For example, the new European Union Medical Device Regulations (EU MDR) requires medical device and pharmaceutical manufacturers to change how they label, package, transport and store their products. Furthermore, changes in one country’s regulations could impact global life sciences shipping. It is thought that the China Food and Drug Administration (CFDA) may soon require life science companies to monitors shipments for temperature. As China is such a large market for life sciences companies, it is possible that CFDA requirements will change shipping standards.


Here are 6 key capabilities life science companies need to ensure successful global shipping processes, now and in the future.

  1. Access to a global carrier network
  2. Visibility into handling capabilities of carriers
  3. Access to specialist carriers
  4. Shipping software that can handle documentation related to hazardous or infectious substances
  5. Trade compliance screening
  6. International package tracking


Life sciences shipping depends on a network of carriers who can provide specialized handling, such as cold-chain or hospital delivery services. PRECISION’s Multi Carrier Shipping Software offers access to a global network of more than 5,000 carriers. PRECISION Multi-Carrier Shipping allows you to search for carriers by geography and capability. Furthermore, the solution gives you the ability to compare costs, routing options and other criteria so you can make better decisions.

PRECISION Global Trade Management automates export processes, including documentation production and customs reporting. PRECISION ensures that all the documents required to complete a shipment are prepared correctly. This includes documentation for specialist life sciences products as well as dangerous or infectious goods.

When your product contains controlled substances, biological or chemical compounds the ability to ensure that your trading partners are authorized to receive shipments is critical. PRECISION Trade Compliance starts at the beginning of the export sales process. Life sciences shippers can verify trading partners, determine end use, validate the country of destination and so forth. This gives shippers the ability to perform due diligence, streamline trade compliance, create audit-ready electronic reports and mitigate the risks associated with changing global trading environments.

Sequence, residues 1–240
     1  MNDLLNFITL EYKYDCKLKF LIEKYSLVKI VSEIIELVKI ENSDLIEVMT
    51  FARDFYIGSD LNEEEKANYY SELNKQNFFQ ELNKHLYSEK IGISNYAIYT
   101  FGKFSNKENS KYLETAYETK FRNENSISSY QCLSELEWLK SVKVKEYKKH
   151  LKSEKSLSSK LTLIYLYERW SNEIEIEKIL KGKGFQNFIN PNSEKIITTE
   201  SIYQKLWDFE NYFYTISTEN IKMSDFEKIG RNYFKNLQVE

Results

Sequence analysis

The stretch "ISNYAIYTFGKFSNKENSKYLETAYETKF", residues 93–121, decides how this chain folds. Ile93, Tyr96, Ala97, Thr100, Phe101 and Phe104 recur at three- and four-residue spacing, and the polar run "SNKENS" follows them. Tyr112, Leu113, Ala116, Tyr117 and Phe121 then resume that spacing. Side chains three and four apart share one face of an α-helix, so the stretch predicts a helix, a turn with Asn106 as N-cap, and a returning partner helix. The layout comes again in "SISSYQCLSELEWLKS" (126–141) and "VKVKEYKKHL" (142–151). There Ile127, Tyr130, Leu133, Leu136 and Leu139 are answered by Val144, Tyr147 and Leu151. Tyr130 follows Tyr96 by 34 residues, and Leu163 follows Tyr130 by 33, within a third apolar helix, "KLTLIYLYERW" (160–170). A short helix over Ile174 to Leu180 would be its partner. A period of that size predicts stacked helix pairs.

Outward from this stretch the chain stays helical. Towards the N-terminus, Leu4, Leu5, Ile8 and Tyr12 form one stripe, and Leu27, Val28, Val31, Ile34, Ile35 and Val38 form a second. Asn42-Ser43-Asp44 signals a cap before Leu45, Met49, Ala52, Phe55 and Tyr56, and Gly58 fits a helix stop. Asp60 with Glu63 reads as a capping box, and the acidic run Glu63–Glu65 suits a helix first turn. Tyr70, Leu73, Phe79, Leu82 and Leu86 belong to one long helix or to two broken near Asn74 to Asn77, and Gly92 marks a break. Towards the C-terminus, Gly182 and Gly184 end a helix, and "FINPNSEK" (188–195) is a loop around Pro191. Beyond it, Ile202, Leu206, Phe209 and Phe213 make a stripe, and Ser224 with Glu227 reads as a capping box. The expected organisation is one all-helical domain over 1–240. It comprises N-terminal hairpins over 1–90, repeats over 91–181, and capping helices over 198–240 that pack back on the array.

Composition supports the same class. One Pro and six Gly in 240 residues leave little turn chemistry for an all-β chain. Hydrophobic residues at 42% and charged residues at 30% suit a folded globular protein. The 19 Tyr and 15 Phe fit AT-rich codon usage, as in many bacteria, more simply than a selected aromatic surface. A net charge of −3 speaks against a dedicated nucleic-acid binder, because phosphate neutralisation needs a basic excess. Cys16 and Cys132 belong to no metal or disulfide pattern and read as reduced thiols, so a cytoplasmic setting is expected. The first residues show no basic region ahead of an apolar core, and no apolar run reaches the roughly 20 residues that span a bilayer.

When you send sensitive materials, you need to know what’s happening with your shipments. PRECISION Delivery Exception Management is a centralized portal for multi-carrier and international package tracking. PRECISION allows you to track shipments originating in any system as well as to track every shipment, in every region, in the same way. The system allows you to proactively manage problem shipments by exception, capture proof of delivery, and raise tracers for lost and damaged shipments.


Life sciences organizations are sending more frequent, and smaller shipments. Patients-as-consumers, biologics, and the importance of emerging markets are all pressuring companies to rethink their distribution models. Parcels are replacing pallets, and life sciences shipping has begun to move away from traditional distribution methods. This means life sciences companies need new capabilities to manage their shipping process. Higher volumes of smaller shipments going to more places than ever before also means that companies have an increased need for accurate documentation and better visibility into shipping spend.

Distribution is often overlooked as a source of competitive advantage in life sciences. However, companies with the ability to reach customers efficiently and cost-effectively will have a distinct advantage over those who have yet to move on from from traditional distribution models — and traditional thinking.